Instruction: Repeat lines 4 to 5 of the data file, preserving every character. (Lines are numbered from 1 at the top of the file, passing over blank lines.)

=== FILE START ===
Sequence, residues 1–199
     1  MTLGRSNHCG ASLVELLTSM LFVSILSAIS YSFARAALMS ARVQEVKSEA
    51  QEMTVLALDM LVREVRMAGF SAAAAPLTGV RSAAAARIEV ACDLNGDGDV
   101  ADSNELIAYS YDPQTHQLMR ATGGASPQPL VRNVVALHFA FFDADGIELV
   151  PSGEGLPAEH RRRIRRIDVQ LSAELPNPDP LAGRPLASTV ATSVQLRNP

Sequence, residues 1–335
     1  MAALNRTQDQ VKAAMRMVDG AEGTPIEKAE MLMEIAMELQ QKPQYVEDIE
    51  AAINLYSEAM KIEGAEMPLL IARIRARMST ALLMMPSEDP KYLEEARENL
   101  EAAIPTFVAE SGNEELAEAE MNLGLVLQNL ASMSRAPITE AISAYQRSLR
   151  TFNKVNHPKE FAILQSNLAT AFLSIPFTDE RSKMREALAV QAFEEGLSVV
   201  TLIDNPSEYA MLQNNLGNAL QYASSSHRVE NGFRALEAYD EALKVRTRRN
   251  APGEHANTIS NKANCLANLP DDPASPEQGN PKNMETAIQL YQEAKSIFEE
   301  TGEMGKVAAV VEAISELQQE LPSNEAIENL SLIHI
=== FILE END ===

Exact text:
   101  ADSNELIAYS YDPQTHQLMR ATGGASPQPL VRNVVALHFA FFDADGIELV
   151  PSGEGLPAEH RRRIRRIDVQ LSAELPNPDP LAGRPLASTV ATSVQLRNP